Pembroke Pines Police Dept defends officer seen punching girl

By Todd Tongen, Reporter, Anchor, ttongen@Local10.com
Published On: Dec 24 2013 02:40:39 AM EST
Updated On: Aug 10 2013 04:31:37 PM EDT

The Pembroke Pines Police Department defends its officer who was seen on surveillance video punching a 14-year-old girl in the face during an arrest at a psychiatric center for adolescents.

PEMBROKE PINES, Fla. -

The Pembroke Pines Police Department on Friday defended its officer who was seen on surveillance video punching a 14-year-old girl in the face during an arrest at a psychiatric center for adolescents.

"It was a highly violent situation," said Pembroke Pines Police Captain Al Xiques.

The video shows the girl walking down the hallway of the Citrus Center for Adolescent Treatment Services among a group of nurses and police officers on April 28.

When one of the officers grabs the girl's arm in an attempt to place it behind her back, she turns around and swings at him. He then punches her in the face.

The punch knocks the girl to the ground, and the angle of the camera only shows several officers on the floor and one throwing another punch. Another sprays her with pepper spray as she is on the ground.

"What the camera does not capture is what was going on just feet away from where she was ultimately placed into custody, and that is approximately an additional 30 people fighting each other and staff members getting beaten up," said Xiques.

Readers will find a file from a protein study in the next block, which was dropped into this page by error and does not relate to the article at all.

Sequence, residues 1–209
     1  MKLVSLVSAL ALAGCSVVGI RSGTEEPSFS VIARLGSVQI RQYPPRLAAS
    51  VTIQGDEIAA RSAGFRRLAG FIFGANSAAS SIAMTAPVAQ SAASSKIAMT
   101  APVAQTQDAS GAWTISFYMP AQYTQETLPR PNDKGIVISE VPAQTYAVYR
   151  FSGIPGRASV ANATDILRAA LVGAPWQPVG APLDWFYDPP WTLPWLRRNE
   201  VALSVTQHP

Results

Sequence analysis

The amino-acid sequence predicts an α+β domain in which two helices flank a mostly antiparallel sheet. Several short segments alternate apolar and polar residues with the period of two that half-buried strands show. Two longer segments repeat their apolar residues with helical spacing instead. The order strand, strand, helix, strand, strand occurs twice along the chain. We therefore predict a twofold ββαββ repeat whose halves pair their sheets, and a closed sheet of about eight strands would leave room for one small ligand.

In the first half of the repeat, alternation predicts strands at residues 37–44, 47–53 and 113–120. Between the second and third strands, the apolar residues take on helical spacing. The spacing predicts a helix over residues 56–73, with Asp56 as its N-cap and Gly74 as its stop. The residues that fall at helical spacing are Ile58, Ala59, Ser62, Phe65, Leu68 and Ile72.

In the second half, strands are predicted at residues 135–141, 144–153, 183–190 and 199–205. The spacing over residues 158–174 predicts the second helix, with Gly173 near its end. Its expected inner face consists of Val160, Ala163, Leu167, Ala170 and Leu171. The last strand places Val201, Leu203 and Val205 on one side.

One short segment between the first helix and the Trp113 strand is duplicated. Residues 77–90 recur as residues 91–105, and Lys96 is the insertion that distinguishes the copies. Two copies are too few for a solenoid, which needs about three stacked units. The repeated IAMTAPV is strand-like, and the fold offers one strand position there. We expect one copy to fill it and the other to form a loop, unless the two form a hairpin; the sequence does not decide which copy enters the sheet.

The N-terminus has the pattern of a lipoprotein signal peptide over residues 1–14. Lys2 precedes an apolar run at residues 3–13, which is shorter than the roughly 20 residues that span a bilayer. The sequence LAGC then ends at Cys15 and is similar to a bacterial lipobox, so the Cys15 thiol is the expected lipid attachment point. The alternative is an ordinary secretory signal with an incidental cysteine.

Sources told Local 10 the officer who punched the girl is Joey Cabrera, a recent recruit.

In a letter to interim DCF Secretary Esther Jacobo and Pembroke Pines Police Chief Dan Giustino, Broward County Chief Assistant Public Defender Howard Weekes wrote that the girl in the video was charged with resisting arrest with violence, disorderly conduct, and criminal mischief.

"When an officer uses that type of force against a mentally ill child, there is no other conclusion than that officer is using excessive force," said Weekes. "It is inappropriate to punch a young girl like this, especially a young girl that may be experiencing some mental trauma at the time."

Weekes' letter said the facility often sedated girls and tied them down for minor infractions.

According to the Agency for Health Care Administration, 16 complaints have been filed Citrus Center against since March 2008. Their last surprise inspection was July 9 after a complaint was made for lack of supervision, but it was unsubstantiated.

Xiques said the girl who was arrested told the officer she did it on purpose to "get out of that place."

"After her arrest, she thanked the officer for having arrested her," he said. "She stated that is what she wanted to happen, which is why she struck him, and she apologized to the officer."

Xiques said the girl offered to write a letter of apology to Cabrera, but he never received it. Weekes said it's insulting and offensive for police to say his client would thank the officer who punched her in the face.

The Department of Children and Families is investigating.

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